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Turkey and the EU – What Sort of New Start?

Since the meeting in Brussels on 25 May between Turkish President Recep Tayyip Erdogan and the Presidents of the European Commission and European Council, Jean-Claude Juncker and Donald Tusk, dialogue between Turkey and the EU has been stepped up and seems set to continue this way – at least for the time being. A first political dialogue took place on 13 June, with others to follow apparently including an anti-terror gathering in early July. There has also been a visible reduction in anti-EU rhetoric from Ankara which, during the referendum campaign, reached dizzying heights. President Erdogan has stopped talking about severing ties with the EU and finding alternative partners and begun to talk about the need to open negotiating chapters and insisting that EU membership remains a strategic goal. This reflects the fact that he is aware that ties with the EU cannot be cut without harming Turkey’s vital interests, not least the economy. Indeed over the decades Turkey and the EU have developed an intricate, inter-twinned and interdependent relationship which crosses and dips into many different areas and would be very difficult, if not impossible, for Ankara to replace. This inter-dependence ensures that their dialogue continues even when the going gets tough and over the last year or so the going has been very tough indeed. Yet ultimately it is the quality not the quantity of the dialogue that matters and when we take a closer look at this so called ‘new start’ or ‘reset’ there is little reason to be overly optimistic based on the current realities on the ground.

Obviously the EU does not want to risk burning its bridges with Ankara. Turkey has been, is and will remain one of the most important countries for the EU. This was reflected in the decision of EU foreign ministers at their meeting in April in Malta not to suspend accession talks with Ankara. While from one side not suspending comes at a high price to the EU’s credibility as a values-based actor, on the other side, given the EU’s double standard approach towards Turkey’s accession, that credibility has been almost non-existent for many years. The talks mean little in practice anyway, as they were killed off by the EU years ago when negotiating chapters were blocked for political reasons. As Commissioner Hahn has stated, the call for suspension is an artificial debate because of the stand-still in accession negotiations. Furthermore, suspension or termination would mean failing Turkish society – not least those that voted against the constitutional amendments and demonstrated a strong democratic resilience ─ as it would risk cutting off the EU’s ability to reach out and strengthen dialogue with Turkish society and civil society. The EU’s embrace of Turkish society needs to deepen not erode. Furthermore, a suspension is likely to lead to reduction of funds directed to Turkey including to civil society which would be counter-productive. It would also mean pulling up a rules-based anchor – albeit a terribly weak one presently – without having a credible alternative. A transactional relationship based on cooperation in areas of mutual interest is not an alternative. Hence suspending would be no positive outcome for this relationship and this position is unlikely to shift unless the death penalty is reinstated.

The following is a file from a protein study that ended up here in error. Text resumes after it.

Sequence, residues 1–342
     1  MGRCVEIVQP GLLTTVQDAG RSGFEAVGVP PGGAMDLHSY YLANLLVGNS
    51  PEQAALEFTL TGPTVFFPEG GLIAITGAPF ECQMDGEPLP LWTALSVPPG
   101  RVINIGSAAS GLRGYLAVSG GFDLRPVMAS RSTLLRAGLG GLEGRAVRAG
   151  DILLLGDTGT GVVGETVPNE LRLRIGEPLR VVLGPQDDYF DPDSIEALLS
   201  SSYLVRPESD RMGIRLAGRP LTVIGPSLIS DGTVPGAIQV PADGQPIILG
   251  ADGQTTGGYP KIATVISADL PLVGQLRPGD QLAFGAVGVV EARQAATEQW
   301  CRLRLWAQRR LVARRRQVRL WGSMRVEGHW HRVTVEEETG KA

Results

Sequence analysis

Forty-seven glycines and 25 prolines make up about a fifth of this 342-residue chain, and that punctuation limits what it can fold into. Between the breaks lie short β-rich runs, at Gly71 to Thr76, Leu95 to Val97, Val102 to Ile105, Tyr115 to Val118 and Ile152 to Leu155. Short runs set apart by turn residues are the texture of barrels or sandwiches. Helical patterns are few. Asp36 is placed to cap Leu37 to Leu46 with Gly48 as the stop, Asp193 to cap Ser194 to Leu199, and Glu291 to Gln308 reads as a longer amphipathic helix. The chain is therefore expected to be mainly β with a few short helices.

So the EU finds itself in a catch-22 situation. While the EU wants to have a positive, constructive results-driven engagement with Ankara, at the same time there is a lack of appetite to deliver anything tangible to Ankara while the current sorry state of democracy and human rights continues. This is reflected in the approach of some Member States towards the starting of the talks for the upgrading of the EU-Turkey Customs Union. European Commission officials are waiting to receive the mandate from EU Member States for the go ahead to begin negotiations. This green light is not yet there because some Member States are blocking the road including Austria and Cyprus. There is an expectation that Turkey should take certain steps to properly revive relations yet there is no sign this is going to happen.

Furthermore if some in Europe think they can use the upgrade of the Custom Union as leverage on Ankara then they are probably wrong. Yes, President Erdogan wants to boost the economy ahead of the 2019 Presidential election which he would like to win with a good margin, and an upgraded Customs Union would have the potential to do that.  However, in the first place it is questionable whether the negotiations would be finished by the election. Furthermore even if they , the final agreement would still need to be ratified by EU national parliaments and by the European Parliament. Indeed the European Parliament is playing hardball. On 20 June the Parliament called not only on the EU to ‘formally suspend the accession negotiations with Turkey without delay if the constitutional reform package is implemented unchanged’, MEP’s also propose upgrading the EU-Turkey Customs Union, by making human rights and fundamental freedoms part of a new agreement. All in all the future of Turkey-EU relations remains unclear and there is every chance of renewed tensions on the horizon.

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